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RE: Kingdoms, India and Hope

30th September, 2010

Nice to be part of a blogersation, I say. Blogersation, you ask? Blogersation = Blog + Conversation! If you think I made this baqwaas (crap) up, just do a Google search and see that I’m amongst the first 350 to use it.

(I wanted to hide the fact that if you search for Bloggersation instead, I’m one of the first 3420. Shucks. I’ll stick with the one that gives me better credo).


Jama Masjid, built in the 17th Century

Jama Masjid


Anyways, it’s with fellow theme-mate Vishal and especially his post Kingdoms, India and Hope, which he wrote in reply to my post Kingdoms Vs. Nation-States. His article is wonderfully written, with subtle jabs at just about everything (he’s derided the US and poked at Raj Thackeray, atta boy!). Just like an IM chat that you swoop in on, I suggest you read up his post before you continue. 🙂

Dear Vishal,

I get it. You’re good at your history. You gave us a little revision of the grand empires that ruled parts of India (the Mauryans, Guptas and Mughals, in order) and talked a bit more about their administrative systems:

… all three largely appointed the most talented individuals to the top echelons of administrative hierarchy. Wisdom and skill were widely applauded and rewarded.

They had an administration that was so strong that some empires (the Guptas) lasted more than 500 years. Compare that to India’s existence as a nation-state for a measly 63 years, and you get to understand the gravity of the problem they solved.

Was it all rosy then? Probably not. The definition of “fair” changed often, and laws could be easily amended for the benefit of one person. I’ll take the caste system as a good example of how a system can eventually do more harm.

(On a separate note, Gurcharan Das thinks that the caste system helped generations and generations of traders build up a keen instinct of money-making and risk-taking, something that has helped Indians in this globalized world. More on his NY Times article: The Next World Order.)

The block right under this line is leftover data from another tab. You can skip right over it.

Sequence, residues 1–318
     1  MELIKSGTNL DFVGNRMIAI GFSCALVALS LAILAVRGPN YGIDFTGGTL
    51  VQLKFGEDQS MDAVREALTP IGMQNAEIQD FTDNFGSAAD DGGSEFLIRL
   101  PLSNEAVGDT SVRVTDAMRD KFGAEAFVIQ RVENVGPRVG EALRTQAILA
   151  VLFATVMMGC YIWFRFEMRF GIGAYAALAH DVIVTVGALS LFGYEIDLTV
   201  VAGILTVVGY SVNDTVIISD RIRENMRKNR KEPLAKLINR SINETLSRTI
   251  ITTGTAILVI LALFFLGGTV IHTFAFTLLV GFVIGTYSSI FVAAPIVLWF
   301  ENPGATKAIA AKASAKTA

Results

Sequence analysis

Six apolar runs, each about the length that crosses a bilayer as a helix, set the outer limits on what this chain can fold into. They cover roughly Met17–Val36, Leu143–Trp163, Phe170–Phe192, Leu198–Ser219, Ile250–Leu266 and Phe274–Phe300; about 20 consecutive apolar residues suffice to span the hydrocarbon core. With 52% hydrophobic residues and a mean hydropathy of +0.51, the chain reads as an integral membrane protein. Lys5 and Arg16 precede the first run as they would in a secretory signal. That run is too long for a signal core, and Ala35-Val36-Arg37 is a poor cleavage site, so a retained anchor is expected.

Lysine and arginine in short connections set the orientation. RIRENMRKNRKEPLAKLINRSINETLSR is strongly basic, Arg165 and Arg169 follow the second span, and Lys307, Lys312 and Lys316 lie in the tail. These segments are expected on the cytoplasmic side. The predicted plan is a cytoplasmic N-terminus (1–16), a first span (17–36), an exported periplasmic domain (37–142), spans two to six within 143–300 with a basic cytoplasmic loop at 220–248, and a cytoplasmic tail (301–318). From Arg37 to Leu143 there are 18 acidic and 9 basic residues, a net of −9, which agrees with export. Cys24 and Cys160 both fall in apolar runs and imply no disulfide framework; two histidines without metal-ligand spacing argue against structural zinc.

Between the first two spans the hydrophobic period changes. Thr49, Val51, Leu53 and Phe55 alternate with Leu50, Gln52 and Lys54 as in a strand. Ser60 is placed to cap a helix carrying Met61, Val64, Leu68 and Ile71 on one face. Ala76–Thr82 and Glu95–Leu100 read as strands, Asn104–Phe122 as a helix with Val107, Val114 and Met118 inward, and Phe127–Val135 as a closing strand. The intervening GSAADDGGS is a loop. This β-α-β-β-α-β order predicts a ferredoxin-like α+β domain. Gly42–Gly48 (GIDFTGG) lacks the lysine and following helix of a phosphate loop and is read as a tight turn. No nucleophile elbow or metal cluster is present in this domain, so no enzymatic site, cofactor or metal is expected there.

Are We Better Now?

Clearly, we have a more meritocratic system (I’m not saying that it’s complete). I really like the way you summarized this:

Top Indian bureaucrats are recruited by an independent agency. And they really are close to the best brains the country has. … But, “Power corrupts and absolute power corrupts absolutely”.

Even the best fall prey to the dark side (Star Wars reference 🙂 ). We can’t restrict this to the government alone – it’s equally prevalent in the corporate world. (After hearing stories from a friend, a sales rep in a pharmaceutical company, my jaws dropped to below the sea level.)

On the other hand, you’ve managed to convince me that there still are enough of the best willing to join the government. I presumed they all joined investment banks or law firms. (This opinion was entirely formed by watching movies). The entrance exam to the Indian government (UPSC) is brutal: a phenomenal amount of preparation is required to gain access to the doors of the IAS (Indian Administrative Service).

That is a good thing.

What About Tomorrow?

Can we get better at what we’re doing? Can we eliminate the hiccups on our way to become a grand nation?